## Abstract

A classical theorem of Boas, Kac, and Krein states that a characteristic function ψ with ψ(x) = 0 for |x| ≥ τ admits a representation of the form ψ (x) = ∫ u(y)u(y + x) dy, x ∈ ℝ, where the convolution root u ∈ L^{2} (ℝ) is complex-valued with u(x) = 0 for |x| ≥ τ/2. The result can be expressed equivalently as a factorization theorem for entire functions of finite exponential type. This paper examines the Boas-Kac representation under additional constraints: If ψ is real-valued and even, can the convolution root u be chosen as a real-valued and/or even function? A complete answer in terms of the zeros of the Fourier transform of ψ is obtained. Furthermore, the analogous problem for radially symmetric functions defined on ℝ^{d} is solved. Perhaps surprisingly, there are compactly supported, radial positive definite functions that do not admit a convolution root with half-support. However, under the additional assumption of nonnegativity, radially symmetric convolution roots with half-support exist. Further results in this paper include a characterization of extreme points, pointwise and integral bounds (Turán's problem), and a unified solution to a minimization problem for compactly supported positive definite functions. Specifically, if f is a probability density on ℝ^{d} whose characteristic function ψ vanishes outside the unit ball, then ∫ |x|^{2} f (x) dx = -Δψ(0) ≥ 4j_{(d-2)/2}^{2} where jν denotes the first positive zero of the Bessel function Jν, and the estimate is sharp. Applications to spatial moving average processes, geostatistical simulation, crystallography, optics, and phase retrieval are noted. In particular, a real-valued half-support convolution root of the spherical correlation function in ℝ^{2} does not exist.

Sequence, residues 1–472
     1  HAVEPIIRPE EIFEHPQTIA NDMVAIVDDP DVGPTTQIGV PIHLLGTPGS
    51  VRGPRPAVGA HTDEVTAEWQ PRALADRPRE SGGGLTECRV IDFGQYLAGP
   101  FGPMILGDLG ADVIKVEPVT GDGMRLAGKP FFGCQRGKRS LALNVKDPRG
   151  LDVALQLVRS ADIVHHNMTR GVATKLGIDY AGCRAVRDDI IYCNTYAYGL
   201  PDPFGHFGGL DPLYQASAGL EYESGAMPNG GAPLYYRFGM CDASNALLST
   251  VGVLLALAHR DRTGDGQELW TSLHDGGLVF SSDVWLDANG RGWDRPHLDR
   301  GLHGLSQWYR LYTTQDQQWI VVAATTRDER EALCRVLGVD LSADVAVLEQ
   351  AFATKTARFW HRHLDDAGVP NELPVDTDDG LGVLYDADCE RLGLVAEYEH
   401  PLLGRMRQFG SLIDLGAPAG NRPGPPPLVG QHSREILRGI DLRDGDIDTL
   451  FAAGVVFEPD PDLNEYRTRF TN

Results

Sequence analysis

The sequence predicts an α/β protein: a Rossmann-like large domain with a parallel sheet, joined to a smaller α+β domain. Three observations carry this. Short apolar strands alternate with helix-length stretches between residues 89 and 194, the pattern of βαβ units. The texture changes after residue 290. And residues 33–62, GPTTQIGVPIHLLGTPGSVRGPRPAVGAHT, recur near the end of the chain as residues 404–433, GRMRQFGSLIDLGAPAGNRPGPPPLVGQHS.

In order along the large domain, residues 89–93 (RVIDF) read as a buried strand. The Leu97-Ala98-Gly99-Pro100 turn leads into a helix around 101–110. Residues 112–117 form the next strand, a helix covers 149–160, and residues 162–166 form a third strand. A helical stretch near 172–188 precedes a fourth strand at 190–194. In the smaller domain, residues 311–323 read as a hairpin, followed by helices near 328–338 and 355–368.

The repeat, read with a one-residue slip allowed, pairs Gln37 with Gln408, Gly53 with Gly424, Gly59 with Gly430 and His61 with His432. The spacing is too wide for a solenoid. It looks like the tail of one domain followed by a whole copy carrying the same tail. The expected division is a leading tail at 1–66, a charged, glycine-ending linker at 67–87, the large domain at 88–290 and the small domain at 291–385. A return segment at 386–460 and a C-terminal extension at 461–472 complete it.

Original language | English (US) |
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Pages (from-to) | 4655-4685 |

Number of pages | 31 |

Journal | Transactions of the American Mathematical Society |

Volume | 356 |

Issue number | 11 |

DOIs | |

State | Published - Nov 2004 |

## All Science Journal Classification (ASJC) codes

- General Mathematics
- Applied Mathematics